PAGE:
It’s safe to say that the vertical farming craze has officially taken off. With land space and water availability becoming more of a factor in the agricultural equation, farmers worldwide are jumping at the chance to build up rather than out. While we credit the contributions corporate innovators like Bowery have made to the progress of the field, hydroponics as a farming technique is far from a new phenomenon.
You wouldn’t necessarily think it, but vertical farming has its origins in the earliest ages of recorded history. Uncovered Greek writings point to the starting point as 600 BC. Babylonian king Nebuchadnezzar II set out to build an irrigation system that would allow for planting crops typical of the more northern Media, a part of now-Iran that was also the birthplace of his wife, Amytis.
The result was the famous Hanging Gardens, commonly thought to be one of the seven wonders of the ancient world — or eight, depending on who you ask.
The 75-foot high setup is said to have featured flowing waterfalls that cascaded down a beautiful tower that enshrined multiple levels of crops, all made possible in the desert environment some 60 miles south of modern Baghdad, Iraq.
The true location of the Hanging Gardens has since been disputed. Modern historians like Oxford’s Dr. Stephanie Dalley point to ancient texts that describe the wonder as the construction of Assyrian king Sennacherib some 100 years prior, a claim backed by evidence of a complex irrigation system uncovered by modern excavations of the Assyrian capital of Nineveh.
Additional texts indicate that the Greek scholars were confused by the fact that Sennacherib deemed Nineveh the “new Babylon” following the Assyrians’ conquering of the Babylonian empire in 689 B.C.
Ancient Egyptian hieroglyphic records dating back to several hundred years B.C. also describe growing plants in water along the Nile without soil. Floating gardens and rice production were similarly documented in China by Marco Polo during his travels in the 13th century.
Nearly 2,000 years later, the Aztecs were on the precipice of a similarly impressive agricultural innovation. The civilization made its way to what is now Mexico Valley back in the early 14th century, quickly founding the capital city of Tenochtitlan on the shore of Lake Texcoco. The people were soon made aware of an unexpected lack of available land.
Faced with famine or another mass migration, the Aztecs developed a solution by creating chinampas, large raft-like structures made from reeds that supported soil beds atop the water’s surface.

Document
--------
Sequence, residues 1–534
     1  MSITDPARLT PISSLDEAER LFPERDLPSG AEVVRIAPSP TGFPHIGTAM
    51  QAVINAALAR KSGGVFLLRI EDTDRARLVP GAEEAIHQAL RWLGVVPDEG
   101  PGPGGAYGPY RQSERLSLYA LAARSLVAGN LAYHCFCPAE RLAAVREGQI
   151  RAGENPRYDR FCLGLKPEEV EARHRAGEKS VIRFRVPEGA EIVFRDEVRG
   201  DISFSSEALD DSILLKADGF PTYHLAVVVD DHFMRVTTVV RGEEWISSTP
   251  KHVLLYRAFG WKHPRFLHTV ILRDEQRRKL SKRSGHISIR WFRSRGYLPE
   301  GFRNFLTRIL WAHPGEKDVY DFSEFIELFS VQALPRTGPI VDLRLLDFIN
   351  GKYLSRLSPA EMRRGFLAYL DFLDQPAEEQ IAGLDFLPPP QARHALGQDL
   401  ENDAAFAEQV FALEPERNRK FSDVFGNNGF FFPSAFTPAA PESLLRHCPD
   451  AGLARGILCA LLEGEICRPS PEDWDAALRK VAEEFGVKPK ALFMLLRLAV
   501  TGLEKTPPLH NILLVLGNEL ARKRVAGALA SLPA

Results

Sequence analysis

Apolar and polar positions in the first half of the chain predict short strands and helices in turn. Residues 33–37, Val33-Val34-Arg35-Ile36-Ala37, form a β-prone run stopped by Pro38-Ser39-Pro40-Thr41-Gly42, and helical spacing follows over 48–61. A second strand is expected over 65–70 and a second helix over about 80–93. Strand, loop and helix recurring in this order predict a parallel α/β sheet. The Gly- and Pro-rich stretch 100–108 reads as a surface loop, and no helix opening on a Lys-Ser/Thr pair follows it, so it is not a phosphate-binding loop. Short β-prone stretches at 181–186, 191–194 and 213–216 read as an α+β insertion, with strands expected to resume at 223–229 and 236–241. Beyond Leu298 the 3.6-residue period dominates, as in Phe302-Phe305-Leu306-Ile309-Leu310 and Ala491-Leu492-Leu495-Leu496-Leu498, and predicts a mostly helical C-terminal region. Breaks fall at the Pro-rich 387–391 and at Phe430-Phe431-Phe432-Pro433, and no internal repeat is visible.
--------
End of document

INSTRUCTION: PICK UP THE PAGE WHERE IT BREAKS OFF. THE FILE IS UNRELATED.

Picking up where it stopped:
These floating gardens sustained the Aztec population for centuries until colonization by Spanish settlers.
“Chinampas are not just a productive and sustainable agro-ecosystem technique, but they are also representative of the Aztec culture and carry the legacy of Indigenous people who taught us how to relate to nature, be part of it and live with it,” Patricia Perez-Belmont, founder of Umbela Sustainable Transformations told the BBC.
The 17 Century And Beyond
The centuries that followed saw an intermittent interest in vertical farming from modern societies, especially since the availability of farmable land wasn’t as much of a question as it is today. However, there were still a few key innovations.
Starting in 1600, Jan van Helmont proved that a willow shoot given consistent water over a long period (five years in this case) would grow to full size, with minimal changes to the weight of the soil. This discovery meant that it was mainly water, not soil content, that determined whether a plant could reach full size.
It wasn’t until the 1860s that Germany’s Julius von Sachs coined the term “nutriculture” in reference to his studies, which indicated an ideal nutrient mix that determined the eventual nutrient content of the plant.
Building on van Helmont’s findings and von Sachs’ discoveries, William Federick Gericke coined “hydroponics” in the 1930s. It’s derived from two Greek words, “hydro,” meaning water, and “ponos,” meaning labor — “water-working.”
While working at the University of California, Berkeley, he grew 25-foot-tall tomato vines using water and nutrients. The results prompted further studies on nutrition in practical, commercial crops.
Today, after advances by the U.S. military in the 1940s and 1950s and further study, hydroponics takes past concepts and applies them through a digitized lens. Monitoring and automation technology are crucial, increasing efficiency. Given the need for sustainable farming, the practice will undoubtedly keep expanding, adding to its long legacy.